Have you ever had a friend who was fat one day and thin the next? Okay, your friend didn’t exactly lose a lot of weight overnight, but it seemed that way.
Your friend lost weight over weeks, months, perhaps even years but you weren’t paying attention. You didn’t notice any changes in behavior and your friend wasn’t dominating every conversation with talk of her diet or how thin she was getting.
Then comes the day when you, for whatever reason, take a good look at your friend and see that she’s a lot smaller. Wow! You take a better look and see she looks, well, much thinner.
Whenever the realization dawns on you, there are things to say and things that are better not to say.
I remember the first time my cousin’s wife saw me after I’d reduced my body size by roughly 30%. The first words out of her mouth brought a smile to my face.
Her: Hi Jackie. WOW! You look great!
Me: Thanks! (a little uncomfortable with the attention and ready to change the subject)
Her: No! I mean you look reaaallllly good. You lost a lot of weight!”
Me: Yup (completely uncomfortable and wanting to escape)
Her: You’ve lost tons of weight! How much did you lose?
Me: (just went from uncomfortable to angry) Yes, I lost tons of weight – 2 tons, 4000 pounds to be exact. Now can we please change the subject?
Her: How did you do it? (this question could have switched my anger about the “tons” remark to eager to share how I lost weight, but then she went on to ask…) You probably gave up the junk food, right?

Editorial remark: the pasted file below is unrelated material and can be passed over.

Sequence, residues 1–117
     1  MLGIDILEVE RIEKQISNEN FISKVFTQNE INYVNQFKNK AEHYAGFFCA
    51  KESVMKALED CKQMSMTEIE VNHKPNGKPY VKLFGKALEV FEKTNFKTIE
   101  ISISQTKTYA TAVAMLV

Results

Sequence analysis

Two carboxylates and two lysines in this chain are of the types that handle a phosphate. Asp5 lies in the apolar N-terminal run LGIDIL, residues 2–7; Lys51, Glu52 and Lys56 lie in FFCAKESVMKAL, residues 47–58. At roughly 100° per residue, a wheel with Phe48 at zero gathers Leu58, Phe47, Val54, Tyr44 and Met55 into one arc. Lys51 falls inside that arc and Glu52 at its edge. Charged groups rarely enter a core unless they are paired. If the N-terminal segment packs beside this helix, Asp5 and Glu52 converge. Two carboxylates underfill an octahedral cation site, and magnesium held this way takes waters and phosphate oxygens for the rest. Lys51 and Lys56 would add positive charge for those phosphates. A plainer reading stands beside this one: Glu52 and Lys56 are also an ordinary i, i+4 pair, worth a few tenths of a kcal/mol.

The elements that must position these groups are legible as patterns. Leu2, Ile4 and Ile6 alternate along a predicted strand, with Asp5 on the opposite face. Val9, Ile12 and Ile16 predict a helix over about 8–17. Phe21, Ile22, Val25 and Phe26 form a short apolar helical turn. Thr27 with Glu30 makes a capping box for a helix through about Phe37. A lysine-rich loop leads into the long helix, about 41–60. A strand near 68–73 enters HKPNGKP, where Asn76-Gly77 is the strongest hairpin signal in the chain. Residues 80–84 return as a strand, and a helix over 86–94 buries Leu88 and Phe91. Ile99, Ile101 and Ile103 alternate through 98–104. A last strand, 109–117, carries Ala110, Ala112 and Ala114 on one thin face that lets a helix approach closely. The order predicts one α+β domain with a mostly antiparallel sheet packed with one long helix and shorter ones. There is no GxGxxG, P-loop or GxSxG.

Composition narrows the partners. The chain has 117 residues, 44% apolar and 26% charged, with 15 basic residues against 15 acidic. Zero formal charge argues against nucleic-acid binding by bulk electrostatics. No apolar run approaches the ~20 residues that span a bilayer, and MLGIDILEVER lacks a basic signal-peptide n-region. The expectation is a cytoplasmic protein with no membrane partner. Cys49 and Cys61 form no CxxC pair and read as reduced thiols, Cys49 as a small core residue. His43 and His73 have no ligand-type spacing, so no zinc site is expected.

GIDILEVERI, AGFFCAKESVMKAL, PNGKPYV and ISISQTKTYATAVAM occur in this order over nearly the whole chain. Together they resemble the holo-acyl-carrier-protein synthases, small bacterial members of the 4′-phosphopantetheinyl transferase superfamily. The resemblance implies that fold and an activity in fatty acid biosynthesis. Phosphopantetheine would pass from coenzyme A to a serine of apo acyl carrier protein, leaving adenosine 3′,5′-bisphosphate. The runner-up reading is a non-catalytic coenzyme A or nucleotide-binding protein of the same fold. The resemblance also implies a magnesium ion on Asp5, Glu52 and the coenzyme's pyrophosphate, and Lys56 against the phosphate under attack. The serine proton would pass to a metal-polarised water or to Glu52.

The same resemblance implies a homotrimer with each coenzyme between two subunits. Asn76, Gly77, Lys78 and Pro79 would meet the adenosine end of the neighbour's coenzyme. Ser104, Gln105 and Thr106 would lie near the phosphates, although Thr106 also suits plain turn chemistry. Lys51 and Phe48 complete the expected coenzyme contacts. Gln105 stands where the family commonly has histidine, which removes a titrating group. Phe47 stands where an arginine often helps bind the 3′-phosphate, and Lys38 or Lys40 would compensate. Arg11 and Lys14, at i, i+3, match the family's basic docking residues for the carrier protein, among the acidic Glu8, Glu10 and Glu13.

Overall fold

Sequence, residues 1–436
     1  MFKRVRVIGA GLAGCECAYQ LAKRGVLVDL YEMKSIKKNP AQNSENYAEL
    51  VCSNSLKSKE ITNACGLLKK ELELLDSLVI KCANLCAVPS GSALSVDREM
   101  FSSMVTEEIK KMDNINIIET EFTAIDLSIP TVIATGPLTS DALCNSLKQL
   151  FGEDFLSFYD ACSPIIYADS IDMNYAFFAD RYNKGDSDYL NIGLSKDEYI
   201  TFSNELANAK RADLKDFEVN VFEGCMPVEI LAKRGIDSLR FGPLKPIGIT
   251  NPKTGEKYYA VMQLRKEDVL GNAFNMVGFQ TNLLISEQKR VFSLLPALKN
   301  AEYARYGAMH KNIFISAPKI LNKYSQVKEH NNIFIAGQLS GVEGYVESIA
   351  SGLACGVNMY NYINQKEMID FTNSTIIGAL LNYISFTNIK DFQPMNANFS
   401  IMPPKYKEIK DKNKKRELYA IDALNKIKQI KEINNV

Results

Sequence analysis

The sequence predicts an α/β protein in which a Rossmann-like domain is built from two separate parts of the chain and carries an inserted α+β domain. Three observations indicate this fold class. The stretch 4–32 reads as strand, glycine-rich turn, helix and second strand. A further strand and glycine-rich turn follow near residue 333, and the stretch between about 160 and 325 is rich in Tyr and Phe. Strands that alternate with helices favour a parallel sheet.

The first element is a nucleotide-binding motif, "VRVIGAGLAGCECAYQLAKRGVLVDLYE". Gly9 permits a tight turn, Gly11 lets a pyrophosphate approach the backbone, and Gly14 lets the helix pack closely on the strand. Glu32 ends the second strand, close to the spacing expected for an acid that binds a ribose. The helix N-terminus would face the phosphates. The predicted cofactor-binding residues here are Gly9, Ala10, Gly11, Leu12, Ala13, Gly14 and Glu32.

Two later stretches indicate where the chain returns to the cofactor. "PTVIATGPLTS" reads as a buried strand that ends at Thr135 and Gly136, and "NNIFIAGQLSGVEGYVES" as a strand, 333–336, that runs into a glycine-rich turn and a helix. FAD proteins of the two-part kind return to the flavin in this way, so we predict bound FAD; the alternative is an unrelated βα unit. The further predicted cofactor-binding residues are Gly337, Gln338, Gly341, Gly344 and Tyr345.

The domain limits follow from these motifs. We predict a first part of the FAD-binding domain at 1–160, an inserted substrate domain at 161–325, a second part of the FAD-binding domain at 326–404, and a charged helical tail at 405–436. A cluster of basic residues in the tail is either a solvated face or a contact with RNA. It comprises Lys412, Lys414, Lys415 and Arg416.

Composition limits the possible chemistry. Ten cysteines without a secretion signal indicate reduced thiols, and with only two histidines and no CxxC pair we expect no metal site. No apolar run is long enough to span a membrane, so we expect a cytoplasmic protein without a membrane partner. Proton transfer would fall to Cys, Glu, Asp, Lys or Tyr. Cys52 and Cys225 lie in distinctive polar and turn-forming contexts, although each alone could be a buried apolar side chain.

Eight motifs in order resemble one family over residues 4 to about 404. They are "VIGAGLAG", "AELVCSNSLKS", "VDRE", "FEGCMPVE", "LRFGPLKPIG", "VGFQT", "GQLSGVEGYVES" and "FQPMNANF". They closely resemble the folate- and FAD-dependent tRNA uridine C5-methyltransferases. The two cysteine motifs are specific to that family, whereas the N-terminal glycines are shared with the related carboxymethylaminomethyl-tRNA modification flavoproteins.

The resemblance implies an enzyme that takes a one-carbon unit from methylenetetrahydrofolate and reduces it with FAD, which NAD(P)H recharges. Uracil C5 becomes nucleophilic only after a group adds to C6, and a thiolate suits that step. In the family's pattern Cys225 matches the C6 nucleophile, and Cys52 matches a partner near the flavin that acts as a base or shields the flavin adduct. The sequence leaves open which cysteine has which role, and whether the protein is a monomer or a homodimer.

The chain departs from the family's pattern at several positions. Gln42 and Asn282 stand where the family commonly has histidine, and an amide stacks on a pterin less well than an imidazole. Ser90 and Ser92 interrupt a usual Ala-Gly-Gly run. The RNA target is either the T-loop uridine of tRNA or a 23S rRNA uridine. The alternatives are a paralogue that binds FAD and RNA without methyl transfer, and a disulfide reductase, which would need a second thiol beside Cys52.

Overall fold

Me: Let’s just change the subject.
I realize that not everybody will feel the way I feel about the comments and questions that come with a significant weight loss. I am one for caution. I’ll assume that anybody who’s lost weight may be uncomfortable talking about it so I like to get a feel for what I might say that would be appreciated or if I should just say nothing.
One thing I experienced personally and professionally (with the hundreds of people I’ve helped to lose weight over my 20+ years with Weight Watchers meetings) is how weight loss inspires dressing different[y and new hairdos.
That makes it easy to compliment the person who’s recently lost a lot of weight without addressing the weight loss specifically.
You can say something like:
- “Oh! That outfit looks great on you!”
- “Your haircut is really cute!”
- “You were born to be a blonde!”
That allows the person to respond with a simple, “Thank you,” or maybe, “Thank you. I lost weight!” or even, “Thank you! I lost 57 pounds!”
Saying, “I lost weight,” or “I lost X pounds,” are two reliable indicators that it’s okay to give your congratulations and even ask, “how did you do it?”
If you’re going to ask, “how did you do it?” please only do so if you are going to ask because you care, not because you want to judge.
Somebody who’s just lost weight doesn’t want you to say:
- “That’s so unhealthy.”
- “Oh, you cheated!” (in reference to weight loss surgery)
- “I know somebody who did it that way and gained it all back inside of a year.”
- “You look good, but I hope you’re not going to lose more. You will look sick!”
Before you say anything to somebody who’s lost or is losing weight think before you speak. Make sure what you say is going to come out of your mouth in a way that the person will hear it in the way you intended.
Make sure it’s positive and supportive. Avoid making judgmental, or moralistic comments.
If it’s too hard for you to know what to say, then just don’t say anything at all!